Global Analysis - January 2009


Global Highlights:

  • Based on preliminary data, the globally averaged combined land and sea surface temperature was the seventh warmest on record for January.
  • January 2009 temperatures were above average in much of the land areas of the globe, with the exception of cooler-than-average temperatures across the northeastern and midwestern contiguous U.S., western Alaska, eastern Russia, western Europe, northwestern Africa, southeastern Asia, northeastern Australia, and northern Argentina.
  • Precipitation during January 2009 was above average across Iceland, the British Isles, Alaska's panhandle, northeastern Australia, eastern and southern parts of Europe, northern South America, and southeastern Asia. Drier-than-average conditions were observed across eastern Asia, most of the continental U.S., eastern and southern parts of South America, and northern Europe.
  • Cold phase El Niño-Southern Oscillation (ENSO) (La Niña) conditions were present across the equatorial Pacific Ocean during January 2009.

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The data presented in this report are preliminary. Ranks and anomalies may change as more complete data are received and processed. The most current data may be accessed via the Global Surface Temperature Anomalies page.

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Introduction

Temperature anomalies for January 2009 are shown on the dot maps below. The dot map, below left, provides a spatial representation of anomalies calculated from the Global Historical Climatology Network (GHCN) data set of land surface stations using a 1961-1990 base period. The dot map, below right, is a product of a merged land surface and sea surface temperature anomaly analysis developed by Smith and Reynolds (2005). Temperature anomalies with respect to the 1961-1990 mean for land and ocean are analyzed separately and then merged to form the global analysis. Additional information on this product is available.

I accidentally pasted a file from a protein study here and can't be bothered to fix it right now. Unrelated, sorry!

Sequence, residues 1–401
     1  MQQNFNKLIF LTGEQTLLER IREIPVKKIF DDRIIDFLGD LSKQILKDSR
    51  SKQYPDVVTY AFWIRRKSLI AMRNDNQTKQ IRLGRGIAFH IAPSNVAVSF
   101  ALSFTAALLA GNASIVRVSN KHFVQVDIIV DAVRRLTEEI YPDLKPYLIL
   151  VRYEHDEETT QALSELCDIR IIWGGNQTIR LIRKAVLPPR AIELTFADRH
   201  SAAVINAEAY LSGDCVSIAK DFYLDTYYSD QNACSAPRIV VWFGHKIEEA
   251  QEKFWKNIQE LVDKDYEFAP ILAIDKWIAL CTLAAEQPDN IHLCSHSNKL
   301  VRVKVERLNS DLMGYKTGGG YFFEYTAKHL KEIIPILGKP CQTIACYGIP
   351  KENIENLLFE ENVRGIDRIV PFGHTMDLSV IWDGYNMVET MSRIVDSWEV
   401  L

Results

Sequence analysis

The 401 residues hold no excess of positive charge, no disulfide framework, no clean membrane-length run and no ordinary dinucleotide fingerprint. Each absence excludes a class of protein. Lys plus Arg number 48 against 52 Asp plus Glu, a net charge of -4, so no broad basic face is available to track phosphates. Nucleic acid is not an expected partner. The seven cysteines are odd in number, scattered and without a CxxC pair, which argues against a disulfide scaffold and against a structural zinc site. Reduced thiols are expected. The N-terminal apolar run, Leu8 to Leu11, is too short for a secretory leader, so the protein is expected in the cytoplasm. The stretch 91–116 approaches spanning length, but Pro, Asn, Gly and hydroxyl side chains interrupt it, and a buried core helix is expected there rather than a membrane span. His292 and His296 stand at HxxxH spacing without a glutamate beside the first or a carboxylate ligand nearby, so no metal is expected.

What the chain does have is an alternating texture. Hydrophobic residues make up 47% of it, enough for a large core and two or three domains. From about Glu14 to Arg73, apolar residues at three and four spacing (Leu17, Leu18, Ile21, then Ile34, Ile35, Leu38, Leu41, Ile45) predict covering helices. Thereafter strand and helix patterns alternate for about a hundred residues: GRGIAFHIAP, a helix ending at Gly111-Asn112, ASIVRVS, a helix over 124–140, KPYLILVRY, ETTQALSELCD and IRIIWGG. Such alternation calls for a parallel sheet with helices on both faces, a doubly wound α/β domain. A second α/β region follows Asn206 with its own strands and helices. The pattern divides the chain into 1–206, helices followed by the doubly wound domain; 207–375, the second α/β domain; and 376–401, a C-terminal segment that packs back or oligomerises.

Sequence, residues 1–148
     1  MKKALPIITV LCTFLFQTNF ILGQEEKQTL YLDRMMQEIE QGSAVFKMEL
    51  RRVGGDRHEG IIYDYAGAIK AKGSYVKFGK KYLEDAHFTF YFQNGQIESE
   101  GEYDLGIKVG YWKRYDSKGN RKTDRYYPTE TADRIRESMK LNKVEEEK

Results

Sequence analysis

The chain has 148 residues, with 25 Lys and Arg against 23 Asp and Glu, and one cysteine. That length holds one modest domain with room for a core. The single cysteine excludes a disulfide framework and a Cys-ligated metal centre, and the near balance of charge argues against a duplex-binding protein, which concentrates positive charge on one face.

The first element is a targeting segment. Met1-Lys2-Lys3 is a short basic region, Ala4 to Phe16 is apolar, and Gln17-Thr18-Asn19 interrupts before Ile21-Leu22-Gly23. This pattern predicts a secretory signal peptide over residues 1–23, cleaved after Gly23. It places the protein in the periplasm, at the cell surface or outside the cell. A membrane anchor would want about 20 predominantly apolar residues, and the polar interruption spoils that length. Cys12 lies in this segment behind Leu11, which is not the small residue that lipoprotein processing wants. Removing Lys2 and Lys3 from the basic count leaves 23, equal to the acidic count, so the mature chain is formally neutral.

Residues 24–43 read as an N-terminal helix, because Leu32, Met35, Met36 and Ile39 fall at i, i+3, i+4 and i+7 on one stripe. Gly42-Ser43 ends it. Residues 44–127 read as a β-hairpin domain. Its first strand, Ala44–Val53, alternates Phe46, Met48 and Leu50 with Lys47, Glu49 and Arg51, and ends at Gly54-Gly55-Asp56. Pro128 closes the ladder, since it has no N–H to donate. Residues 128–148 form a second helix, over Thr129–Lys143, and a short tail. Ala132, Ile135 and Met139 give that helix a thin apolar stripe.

During January 2009, warmer-than-average temperatures engulfed much of the land areas of the world, with the exception of cooler-than-average conditions across the northeastern and midwestern continental U.S., western Alaska, eastern Russia, western Europe, northwestern Africa, southeastern Asia, northeastern Australia, and northern Argentina. In contrast, warmest above-average temperatures occurred throughout Mexico, the Fenno-Scandinavia region, eastern Europe, southern Australia, the western half of the contiguous U.S., and most of Asia. Temperature anomalies in most of these regions ranged from 2.0°C-6.0°C (3.6°F-10.8°F) above normal.

Sea surface temperatures (SST) during January 2009 were warmer than average across most of the Indian, Atlantic, western Pacific oceans, while cooler-than-average conditions were present across the southern oceans and northeastern and central equatorial Pacific Ocean. SST anomalies in all Niño regions remained below average during January 2009, however some warming took place across the Niño 1+2 and Niño 3 regions. Please see the January 2009 ENSO discussion for additional information.